Does my home insurance include garden cover?
Most home insurance policies will provide cover against loss, damage or theft of things in your garden as standard.
Your policy will have a set limit on the amount it will pay out for garden contents.
If you have a lot of expensive garden equipment, exotic plants and ornaments, and need more cover than your standard home contents policy offers, you could look at upping the cover limit on your existing policy.
Or you can add specialist garden cover to your policy - it’s offered as an optional extra by many providers.
- Home insurance often includes a set amount of cover for your garden and outdoor equipment
- For more valuable garden items, you might need a policy add-on or specialist cover
- To avoid underinsuring, make sure you include the contents of your garden and shed
- Your policy may require you to lock and store valuable items away safely
Garden cover with buildings insurance
You’ll usually find that the permanent fixtures in your garden are covered by your buildings insurance policy. By that, we mean things that are considered part of the structure of your home, like:
- Outbuildings, sheds, garages and summer houses
- Items fixed into the ground like permanent swimming pools, hot tubs, garden ponds and gazebos
- Garden fences, gates and walls
- Paths, driveways, patios and decking
- Gas, oil, or septic tanks on your property
Garden cover with contents insurance
A home contents insurance policy will usually include some level of cover for the moveable items you keep in your garden and outbuildings. Things like:
- Garden and patio furniture
- Patio heaters
- Plants, shrubs, bushes and trees - according to Defaqto, 198 out of the 334 policies listed include plants in their garden cover as standard
- Garden ornaments and statues
- Play equipment - children’s slides, swings and trampolines
- Things you keep in your garden shed - lawnmowers, garden and power tools
Does home insurance cover items left in the garden?
You’ll need to check the terms and conditions of your policy, as some insurers may not protect items left outside as standard.
Typically, things left out in the open like garden furniture, plants, pots and containers, will be covered. But you might be required to keep certain valuable garden items securely locked away overnight.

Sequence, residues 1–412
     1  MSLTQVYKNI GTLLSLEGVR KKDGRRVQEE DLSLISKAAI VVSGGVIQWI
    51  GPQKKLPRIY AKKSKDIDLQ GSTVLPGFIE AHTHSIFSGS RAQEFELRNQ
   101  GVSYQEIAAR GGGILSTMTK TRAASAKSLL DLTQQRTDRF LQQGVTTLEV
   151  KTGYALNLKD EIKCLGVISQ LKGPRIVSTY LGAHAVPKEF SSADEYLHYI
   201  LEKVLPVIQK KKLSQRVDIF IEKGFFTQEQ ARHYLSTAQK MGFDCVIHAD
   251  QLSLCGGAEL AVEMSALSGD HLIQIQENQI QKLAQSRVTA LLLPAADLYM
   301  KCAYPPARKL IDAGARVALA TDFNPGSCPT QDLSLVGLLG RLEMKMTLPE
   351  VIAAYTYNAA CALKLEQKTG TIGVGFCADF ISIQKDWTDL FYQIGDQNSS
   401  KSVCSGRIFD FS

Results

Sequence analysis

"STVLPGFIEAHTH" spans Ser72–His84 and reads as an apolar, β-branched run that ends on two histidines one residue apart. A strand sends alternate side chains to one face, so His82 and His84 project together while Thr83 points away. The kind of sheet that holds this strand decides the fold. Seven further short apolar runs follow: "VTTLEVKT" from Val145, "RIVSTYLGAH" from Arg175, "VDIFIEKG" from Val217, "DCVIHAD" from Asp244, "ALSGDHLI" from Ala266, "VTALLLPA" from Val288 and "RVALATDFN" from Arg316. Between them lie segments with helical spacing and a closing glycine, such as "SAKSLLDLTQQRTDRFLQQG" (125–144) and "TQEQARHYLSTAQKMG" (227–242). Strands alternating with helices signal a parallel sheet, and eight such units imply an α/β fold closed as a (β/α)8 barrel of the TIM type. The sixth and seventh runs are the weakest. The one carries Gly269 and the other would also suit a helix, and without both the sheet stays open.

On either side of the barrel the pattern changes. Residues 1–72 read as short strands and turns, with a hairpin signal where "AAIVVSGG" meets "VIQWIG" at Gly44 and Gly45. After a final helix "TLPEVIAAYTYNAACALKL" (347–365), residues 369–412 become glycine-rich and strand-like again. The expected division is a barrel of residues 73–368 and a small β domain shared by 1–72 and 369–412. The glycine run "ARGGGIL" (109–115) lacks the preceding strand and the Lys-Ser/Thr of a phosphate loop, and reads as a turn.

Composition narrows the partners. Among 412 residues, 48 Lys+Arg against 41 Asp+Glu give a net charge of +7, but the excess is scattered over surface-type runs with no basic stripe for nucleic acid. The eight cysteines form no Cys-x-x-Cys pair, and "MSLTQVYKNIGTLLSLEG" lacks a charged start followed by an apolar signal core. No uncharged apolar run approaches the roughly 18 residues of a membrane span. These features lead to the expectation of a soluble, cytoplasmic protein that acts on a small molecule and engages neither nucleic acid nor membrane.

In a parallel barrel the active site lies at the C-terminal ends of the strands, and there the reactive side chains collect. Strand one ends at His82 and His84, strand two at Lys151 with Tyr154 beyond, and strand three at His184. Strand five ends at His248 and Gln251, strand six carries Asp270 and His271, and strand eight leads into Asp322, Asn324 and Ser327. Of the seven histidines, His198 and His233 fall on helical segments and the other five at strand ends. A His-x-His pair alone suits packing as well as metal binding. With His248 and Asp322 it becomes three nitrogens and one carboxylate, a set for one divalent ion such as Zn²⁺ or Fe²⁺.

Be aware that if you don’t follow your insurer’s guidelines and your items are stolen or damaged, you may not be covered.
How do I insure my garden?
While you can find providers that offer specialist garden insurance, most home insurance policies include a set amount of cover for your garden.
This will protect your garden, outside items and things you keep in your outbuildings from theft, loss and damage.
If you want more protection for expensive items, like top-of-the-range barbecues or garden furniture, you may be able to pay an extra sum to include these under your home insurance.
Some insurers will sell different levels of cover and others will offer garden cover as an optional add-on to your policy. Or you can take out standalone specialist insurance.
How much cover do I need?
To get the right level of cover, look around your garden. Work out how much it would cost to replace everything by adding up the value of what you can see.
Keep in mind that there’s often a limit on the total value of contents you can insure that are kept in outbuildings and sheds, so check that your policy offers enough cover for your belongings.
According to Defaqto, 296 out of the 334 listed policies offer contents in outbuildings cover of £2000 or higher.
You may need to list expensive items separately, like trampolines or hot tubs, if your policy has a single-item limit. This is often between £1,500 and £2,000 but can be a lot less, depending on the policy.
What isn’t included in the garden cover offered with home insurance?
Again, this will vary between policies, so it’s worth comparing different providers to see what is and isn’t included.
For example, you might find that any damage to your outbuildings and possessions caused by severe weather won’t be covered, so make sure you check this.
And some insurers will only cover plants that are damaged if they’re in pots, but not if they’re planted in the ground. Certain species of plants or flowers may also be excluded.
Other common exclusions include:
Indoor items, gadgets and valuables left outdoors